They began arriving before dawn on a cold, misty morning, people of all ages lining up by the hundreds, some in wheelchairs, others hobbling on crutches, many of them missing teeth, all of them seeking the same thing: free medical care.
It was a scene that could have been playing out in a Third World country or perhaps some place like post-hurricane New Orleans, except that it wasn't. It was unfolding in downtown Los Angeles on Tuesday, and the hundreds who showed up weren't refugees of a disaster or a civil war, just mainly working people without health insurance.
One of them, Kenny Gillett hadn't seen a doctor in two years, not since the 47-year-old welder lost his job and insurance when his employer went broke.
Adriana Valenzuela, a self-employed and uninsured cosmetologist, brought an 8-year-old son with a mouthful of cavities. Frank Carodine, a friendly white-haired man of 57, who rolled up in his wheelchair, said he had lost parts of both legs to diabetes, which was now ravaging his right eye. He needed glasses.
"I've got coverage for my diabetes, I go to a clinic, but it doesn't cover eye exams," he said.
Outside in the cold, several hundred more people, some balancing toddlers on their hips, waited patiently for their turn to enter the Los Angeles Sports Arena, an aging building that once played host to basketball's NBA champion Lakers and that rocker Bruce Springsteen affectionately dubbed "the dump that jumps" during a concert last year.
RAM, which was founded in 1985 to bring medical care to remote regions of the world, is focusing more these days on urban centers like Los Angeles. It put on a similar clinic in nearby Inglewood last year and has others scheduled for Oklahoma City and Chicago this summer.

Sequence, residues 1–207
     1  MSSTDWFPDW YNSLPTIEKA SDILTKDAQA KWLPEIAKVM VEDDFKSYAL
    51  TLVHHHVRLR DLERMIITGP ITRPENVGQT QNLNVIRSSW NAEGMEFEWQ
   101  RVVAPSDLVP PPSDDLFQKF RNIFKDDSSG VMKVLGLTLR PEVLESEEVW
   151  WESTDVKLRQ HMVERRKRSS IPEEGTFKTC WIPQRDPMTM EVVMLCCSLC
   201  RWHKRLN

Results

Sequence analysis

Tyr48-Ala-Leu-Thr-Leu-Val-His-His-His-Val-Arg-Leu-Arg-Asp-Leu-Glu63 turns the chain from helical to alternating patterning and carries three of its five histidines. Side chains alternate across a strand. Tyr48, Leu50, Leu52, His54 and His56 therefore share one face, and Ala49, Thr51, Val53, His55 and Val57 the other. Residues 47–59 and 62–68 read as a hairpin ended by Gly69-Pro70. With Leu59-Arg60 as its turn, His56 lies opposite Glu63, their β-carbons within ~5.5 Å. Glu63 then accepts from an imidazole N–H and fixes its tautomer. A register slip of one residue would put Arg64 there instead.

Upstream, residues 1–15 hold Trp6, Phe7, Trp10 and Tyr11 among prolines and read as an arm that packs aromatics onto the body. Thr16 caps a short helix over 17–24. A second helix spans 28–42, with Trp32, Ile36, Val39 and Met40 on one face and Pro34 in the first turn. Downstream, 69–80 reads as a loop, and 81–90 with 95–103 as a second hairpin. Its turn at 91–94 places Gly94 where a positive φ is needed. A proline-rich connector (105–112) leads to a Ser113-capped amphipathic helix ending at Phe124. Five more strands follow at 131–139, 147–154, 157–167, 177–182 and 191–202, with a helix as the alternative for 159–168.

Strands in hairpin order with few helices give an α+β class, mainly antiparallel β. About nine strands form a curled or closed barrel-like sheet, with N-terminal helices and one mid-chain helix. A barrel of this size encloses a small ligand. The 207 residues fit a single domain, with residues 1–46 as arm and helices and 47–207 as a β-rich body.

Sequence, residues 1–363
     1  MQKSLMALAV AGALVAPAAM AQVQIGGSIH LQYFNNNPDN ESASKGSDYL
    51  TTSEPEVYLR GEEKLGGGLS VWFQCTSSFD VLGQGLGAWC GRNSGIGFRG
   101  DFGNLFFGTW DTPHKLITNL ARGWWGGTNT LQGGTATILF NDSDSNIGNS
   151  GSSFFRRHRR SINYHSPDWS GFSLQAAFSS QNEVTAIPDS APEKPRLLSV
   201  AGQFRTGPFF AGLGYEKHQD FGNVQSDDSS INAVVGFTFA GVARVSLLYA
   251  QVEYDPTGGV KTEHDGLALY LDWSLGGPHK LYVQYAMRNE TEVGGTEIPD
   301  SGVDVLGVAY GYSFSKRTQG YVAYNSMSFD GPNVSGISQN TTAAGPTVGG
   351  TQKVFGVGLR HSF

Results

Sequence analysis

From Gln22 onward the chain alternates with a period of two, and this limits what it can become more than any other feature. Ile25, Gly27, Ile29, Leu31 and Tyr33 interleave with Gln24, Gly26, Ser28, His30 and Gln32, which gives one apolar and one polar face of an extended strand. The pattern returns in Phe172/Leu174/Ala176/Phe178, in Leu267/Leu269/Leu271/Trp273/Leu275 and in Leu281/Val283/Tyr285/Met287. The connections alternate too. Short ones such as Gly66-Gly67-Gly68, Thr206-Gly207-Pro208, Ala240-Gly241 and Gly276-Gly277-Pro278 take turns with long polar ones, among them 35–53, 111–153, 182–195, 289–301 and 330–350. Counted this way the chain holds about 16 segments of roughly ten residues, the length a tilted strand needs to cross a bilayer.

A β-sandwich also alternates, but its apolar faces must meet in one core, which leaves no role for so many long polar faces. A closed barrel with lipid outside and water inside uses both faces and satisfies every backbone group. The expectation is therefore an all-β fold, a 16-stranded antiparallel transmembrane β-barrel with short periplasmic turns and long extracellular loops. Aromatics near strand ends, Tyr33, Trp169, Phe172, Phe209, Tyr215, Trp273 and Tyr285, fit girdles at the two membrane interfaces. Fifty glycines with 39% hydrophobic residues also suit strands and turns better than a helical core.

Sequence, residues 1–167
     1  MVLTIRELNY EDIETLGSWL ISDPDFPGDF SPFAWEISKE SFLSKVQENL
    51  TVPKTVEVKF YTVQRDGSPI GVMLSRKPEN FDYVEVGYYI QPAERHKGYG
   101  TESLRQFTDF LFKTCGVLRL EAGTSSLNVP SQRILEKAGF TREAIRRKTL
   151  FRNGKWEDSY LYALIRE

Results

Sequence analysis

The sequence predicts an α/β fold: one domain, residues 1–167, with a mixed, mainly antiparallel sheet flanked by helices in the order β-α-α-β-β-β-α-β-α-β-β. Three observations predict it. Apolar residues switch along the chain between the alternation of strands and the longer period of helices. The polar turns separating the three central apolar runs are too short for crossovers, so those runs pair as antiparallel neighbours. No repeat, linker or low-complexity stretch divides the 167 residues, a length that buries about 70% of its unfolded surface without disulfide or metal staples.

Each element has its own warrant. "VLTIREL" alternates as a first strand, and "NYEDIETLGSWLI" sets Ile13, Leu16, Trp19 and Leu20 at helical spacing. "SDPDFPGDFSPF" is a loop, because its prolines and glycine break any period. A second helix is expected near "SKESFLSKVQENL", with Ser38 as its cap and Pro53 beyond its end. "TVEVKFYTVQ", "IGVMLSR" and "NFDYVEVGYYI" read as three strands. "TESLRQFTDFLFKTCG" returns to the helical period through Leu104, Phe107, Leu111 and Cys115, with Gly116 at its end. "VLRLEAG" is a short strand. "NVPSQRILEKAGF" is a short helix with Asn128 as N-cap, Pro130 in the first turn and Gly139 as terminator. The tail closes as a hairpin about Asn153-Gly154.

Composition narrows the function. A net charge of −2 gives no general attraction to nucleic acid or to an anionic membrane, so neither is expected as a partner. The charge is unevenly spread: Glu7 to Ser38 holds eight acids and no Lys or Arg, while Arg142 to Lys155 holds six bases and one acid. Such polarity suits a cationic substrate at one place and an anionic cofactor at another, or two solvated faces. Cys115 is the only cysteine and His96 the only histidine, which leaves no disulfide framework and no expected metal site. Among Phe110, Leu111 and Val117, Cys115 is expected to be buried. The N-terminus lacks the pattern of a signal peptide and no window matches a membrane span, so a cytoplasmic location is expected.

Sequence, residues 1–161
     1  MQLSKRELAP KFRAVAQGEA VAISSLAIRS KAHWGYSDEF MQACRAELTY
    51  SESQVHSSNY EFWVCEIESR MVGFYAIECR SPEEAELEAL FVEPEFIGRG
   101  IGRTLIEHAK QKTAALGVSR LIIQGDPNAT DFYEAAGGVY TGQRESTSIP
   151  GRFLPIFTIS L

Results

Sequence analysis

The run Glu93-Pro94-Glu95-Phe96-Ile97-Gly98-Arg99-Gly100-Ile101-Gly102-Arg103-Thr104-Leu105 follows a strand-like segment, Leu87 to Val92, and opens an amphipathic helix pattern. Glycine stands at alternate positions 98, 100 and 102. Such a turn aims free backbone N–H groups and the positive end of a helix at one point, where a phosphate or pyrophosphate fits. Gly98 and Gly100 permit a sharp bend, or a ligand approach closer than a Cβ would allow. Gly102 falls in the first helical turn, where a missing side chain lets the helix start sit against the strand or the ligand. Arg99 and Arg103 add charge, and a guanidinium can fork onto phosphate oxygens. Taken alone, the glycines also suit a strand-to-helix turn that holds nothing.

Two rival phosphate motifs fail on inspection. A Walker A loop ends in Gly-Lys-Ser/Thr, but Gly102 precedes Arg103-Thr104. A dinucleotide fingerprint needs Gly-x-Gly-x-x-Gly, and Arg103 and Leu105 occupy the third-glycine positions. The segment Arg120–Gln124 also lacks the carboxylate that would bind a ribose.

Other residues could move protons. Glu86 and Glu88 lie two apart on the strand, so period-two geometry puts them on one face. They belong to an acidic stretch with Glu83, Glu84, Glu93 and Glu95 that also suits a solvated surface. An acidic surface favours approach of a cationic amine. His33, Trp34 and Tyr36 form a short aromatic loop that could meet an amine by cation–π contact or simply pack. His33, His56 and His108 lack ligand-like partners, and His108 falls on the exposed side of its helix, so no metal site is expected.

"What you're seeing is a lot of Middle America here," said RAM's flamboyant founder, Stan Brock, the adventurer and former co-host of television's "Mutual of Omaha's Wild Kingdom."
"Health care in this country is a privilege of the well-to-do and the well insured," said Brock, gesturing toward a crowd of more than 100 average people waiting to have decaying and sometimes infected teeth pulled or filled.
Some would need follow-up care, so before letting them out of the building RAM volunteers were writing referrals to free clinics around the area.
6,000 treated last year
More than 6,000 people were treated at last year's clinic. Brock said he hoped to beat that number this year, although he added nervously that would hinge on getting enough medical volunteers into the arena. About 20 of 94 dental chairs sat empty Tuesday because there weren't enough volunteer dentists to go around.
As he spoke the whirring sound of dozens of dental drills all going at once reverberated through the air. Off in a corner, where the stage for a rock concert might normally be placed, tables were lined with hundreds of sterilized dental tools.
In another corner of the arena floor, on more tables, sat hundreds of pairs of donated eyeglass frames.
"We cleaned out a warehouse that had last year's models," said Lou Kratzer, in charge of handing out prescription eyeglasses for RAM.
As Gillett waited for his, Christian Gaiters settled into a dentist's chair to have one of two broken teeth pulled. There wasn't time to do both.
"Then we'll go with this one, this one's giving me the most pain," he told Dr. Lallana Mekmanee.
In minutes she had it out and sent the 48-year-old library clerk on his way.
"I didn't even feel that, that was great. Thank you for your time," he said as he shook her hand.
Moments like that, Mekmanee said, are what make seeing "one patient after another patient after another patient" worthwhile.